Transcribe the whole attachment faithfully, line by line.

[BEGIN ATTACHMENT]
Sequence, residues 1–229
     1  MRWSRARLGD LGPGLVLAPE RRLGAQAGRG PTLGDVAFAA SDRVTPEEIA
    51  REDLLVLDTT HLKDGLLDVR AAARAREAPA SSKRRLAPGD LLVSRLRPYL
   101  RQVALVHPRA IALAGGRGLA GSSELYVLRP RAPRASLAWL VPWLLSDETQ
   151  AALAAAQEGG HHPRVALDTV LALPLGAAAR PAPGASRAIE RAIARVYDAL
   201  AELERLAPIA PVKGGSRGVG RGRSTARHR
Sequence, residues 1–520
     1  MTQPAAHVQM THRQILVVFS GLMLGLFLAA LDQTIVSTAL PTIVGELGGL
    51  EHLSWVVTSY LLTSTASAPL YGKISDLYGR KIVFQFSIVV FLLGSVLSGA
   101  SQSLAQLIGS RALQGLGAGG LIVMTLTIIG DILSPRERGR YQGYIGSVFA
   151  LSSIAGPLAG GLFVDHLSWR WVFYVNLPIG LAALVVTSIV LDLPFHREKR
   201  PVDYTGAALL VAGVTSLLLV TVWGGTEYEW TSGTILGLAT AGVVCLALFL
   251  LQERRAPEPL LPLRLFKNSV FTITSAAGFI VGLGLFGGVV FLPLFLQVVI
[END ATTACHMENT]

Sequence, residues 1–229
     1  MRWSRARLGD LGPGLVLAPE RRLGAQAGRG PTLGDVAFAA SDRVTPEEIA
    51  REDLLVLDTT HLKDGLLDVR AAARAREAPA SSKRRLAPGD LLVSRLRPYL
   101  RQVALVHPRA IALAGGRGLA GSSELYVLRP RAPRASLAWL VPWLLSDETQ
   151  AALAAAQEGG HHPRVALDTV LALPLGAAAR PAPGASRAIE RAIARVYDAL
   201  AELERLAPIA PVKGGSRGVG RGRSTARHR
Sequence, residues 1–520
     1  MTQPAAHVQM THRQILVVFS GLMLGLFLAA LDQTIVSTAL PTIVGELGGL
    51  EHLSWVVTSY LLTSTASAPL YGKISDLYGR KIVFQFSIVV FLLGSVLSGA
   101  SQSLAQLIGS RALQGLGAGG LIVMTLTIIG DILSPRERGR YQGYIGSVFA
   151  LSSIAGPLAG GLFVDHLSWR WVFYVNLPIG LAALVVTSIV LDLPFHREKR
   201  PVDYTGAALL VAGVTSLLLV TVWGGTEYEW TSGTILGLAT AGVVCLALFL
   251  LQERRAPEPL LPLRLFKNSV FTITSAAGFI VGLGLFGGVV FLPLFLQVVI